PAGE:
Back off of the DL is Cardinal infielder, Felipe Lopez. The versatile, if unspectacular utility man hit a two-run bomb in his second game leading off for St. Louis last night. Brendan Ryan will ride the pine as Lopez should see consistent playing time. The holder of a career .269/.338/.401 line has shown flashes of goodness through out his 10 seasons in the bigs but has had nagging injuries that have hampered him. If he could get hot, Lopez could be a good source of runs at with occasional speed and power, that won’t murder your ratios. Leading off for the Cards has its benefits and you could do worse as far as middle infielders go.

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…It Was The Worst Of Times

May 15, 2010

So while I’ve been busy pursuing gainful employment of various sorts, The Uptown Ham Fighters have been busy sucking it up over in my 12 team mixed head-to-head keeper league. While we entered this week the only team to have won four out of five weeks, we were also one game below .500, due to a Week 3 1-10-1 ass-kicking at the hands of My Boomstick. As we enter the weekend stretch for Week 6 things have really gone south however, as we now trail The Mountain Cats 12 zip! I can take a beat down or two, but a sweep might just push this manager over the edge into Billy Martin punching out his pitcher nutzo territory! Now before I do anything rash and before it’s a dead corpse, lets bring this patient to the roster doctor and try to figure out a course of treatment.

Here’s the team as it’s presently composed. We’ll first look at the frosty bats:

The first major issue of course was Nelson Cruz landing on the DL with a bum hammy. He was absolutely raking when he was injured and it’s not easy to make up for the loss of such a big bat. Filling the hole over the past week, I had Corey Hart and then Nate Schierholtz. Hart did little aside from a lone HR in Boomstick’s absence. Nate The Ok provided me with a Run Scored on Sunday, which gave me a win in the category, but other than that he had little impact over the past week. Now mind you, this is isn’t to say that neither of these guys will be decent fantasy contributors, but in head-to-head, it’s often necessary to play a guy with a hot hand or tailor your lineup to fit your teams immediate needs.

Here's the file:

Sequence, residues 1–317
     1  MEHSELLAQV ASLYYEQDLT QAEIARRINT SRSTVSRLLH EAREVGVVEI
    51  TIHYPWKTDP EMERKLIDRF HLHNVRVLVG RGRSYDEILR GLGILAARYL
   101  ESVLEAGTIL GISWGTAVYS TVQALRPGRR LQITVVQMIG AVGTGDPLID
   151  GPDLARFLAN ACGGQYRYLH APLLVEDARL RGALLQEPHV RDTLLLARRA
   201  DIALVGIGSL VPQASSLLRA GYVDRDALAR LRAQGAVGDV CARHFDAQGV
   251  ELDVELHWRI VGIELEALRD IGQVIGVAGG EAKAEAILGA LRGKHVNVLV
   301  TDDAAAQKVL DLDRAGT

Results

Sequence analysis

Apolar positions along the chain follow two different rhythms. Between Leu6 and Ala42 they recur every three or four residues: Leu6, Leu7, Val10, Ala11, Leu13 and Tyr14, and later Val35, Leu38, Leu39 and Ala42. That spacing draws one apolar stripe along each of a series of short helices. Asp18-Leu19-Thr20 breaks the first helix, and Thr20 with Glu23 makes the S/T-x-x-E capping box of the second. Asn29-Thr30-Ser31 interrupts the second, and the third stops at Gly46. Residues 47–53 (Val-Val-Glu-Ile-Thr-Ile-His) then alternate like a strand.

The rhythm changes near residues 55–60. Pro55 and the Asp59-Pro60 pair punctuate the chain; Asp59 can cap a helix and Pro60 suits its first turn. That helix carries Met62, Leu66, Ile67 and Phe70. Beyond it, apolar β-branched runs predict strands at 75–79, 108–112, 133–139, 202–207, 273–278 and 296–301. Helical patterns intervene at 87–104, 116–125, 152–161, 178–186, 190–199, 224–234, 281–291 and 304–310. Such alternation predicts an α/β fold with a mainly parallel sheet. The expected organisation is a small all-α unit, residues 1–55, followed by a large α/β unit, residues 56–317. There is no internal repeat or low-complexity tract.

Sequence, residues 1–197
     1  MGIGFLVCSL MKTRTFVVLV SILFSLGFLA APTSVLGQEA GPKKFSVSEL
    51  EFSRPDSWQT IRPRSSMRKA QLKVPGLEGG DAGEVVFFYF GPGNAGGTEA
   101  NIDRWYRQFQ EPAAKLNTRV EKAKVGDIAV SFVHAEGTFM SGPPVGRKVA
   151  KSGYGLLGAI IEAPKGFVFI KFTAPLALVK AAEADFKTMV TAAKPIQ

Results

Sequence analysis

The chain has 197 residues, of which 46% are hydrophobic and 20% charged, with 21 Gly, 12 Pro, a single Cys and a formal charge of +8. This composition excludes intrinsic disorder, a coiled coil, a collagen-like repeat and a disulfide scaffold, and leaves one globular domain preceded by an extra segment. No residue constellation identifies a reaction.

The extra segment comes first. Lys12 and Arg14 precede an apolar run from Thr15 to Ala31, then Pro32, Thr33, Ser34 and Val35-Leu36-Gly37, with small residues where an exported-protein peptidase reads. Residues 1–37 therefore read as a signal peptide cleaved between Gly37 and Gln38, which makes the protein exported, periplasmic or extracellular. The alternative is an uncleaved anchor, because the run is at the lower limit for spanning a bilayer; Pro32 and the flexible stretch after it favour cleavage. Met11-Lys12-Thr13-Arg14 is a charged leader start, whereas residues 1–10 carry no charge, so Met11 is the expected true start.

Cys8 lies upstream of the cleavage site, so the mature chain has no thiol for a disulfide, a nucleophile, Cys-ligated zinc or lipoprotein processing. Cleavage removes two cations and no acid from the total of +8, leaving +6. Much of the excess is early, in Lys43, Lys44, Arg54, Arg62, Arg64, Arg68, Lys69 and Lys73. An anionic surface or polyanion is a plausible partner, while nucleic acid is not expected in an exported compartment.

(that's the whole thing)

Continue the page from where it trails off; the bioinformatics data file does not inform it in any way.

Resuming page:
What are some other culprits of our recent woes? Well for one, my team is pretty damn slow overall. Like mummy slow. I had to change that.

The one recent addition I made to the lineup is Alcides Escobar, who was acquired off of waivers, while Reid Brignac was dropped. Considering Brignac was sitting against lefties, this small lateral move made to address The Ham Fighters lack of team speed. While Escobar has been off to a slow start, a lot of that is due to an abnormally low BABIP of .253 entering play today. With his speed, he’s projected to have a BABIP of around .320 to .330, so I expect correction in that department as the season progresses. Leading me to more optimism is Esco’s 6.6%/13.5% BB/K rate. While this needs to improve for him to really blossom at the Major League level, it’s actually an improvement over the BB/K numbers he posted (3%/14.4%) in his limited time last season. What has really been missing from his game is his speed. The highly touted speedster has yet to swipe a bag, being caught once. This obviously alarmed his previous owners enough for them to let him go. I see Alcides picking up the SB pace however, as he gets more comfortable in the bigs. It doesn’t help that he’s hitting in the 8th hole, with a pitcher behind him, in Milwaukee. I can see him moving down up in the order as his bat heats up though, and I’m still hopeful that he can end the season with over 20 steals, while not killing me with his bat.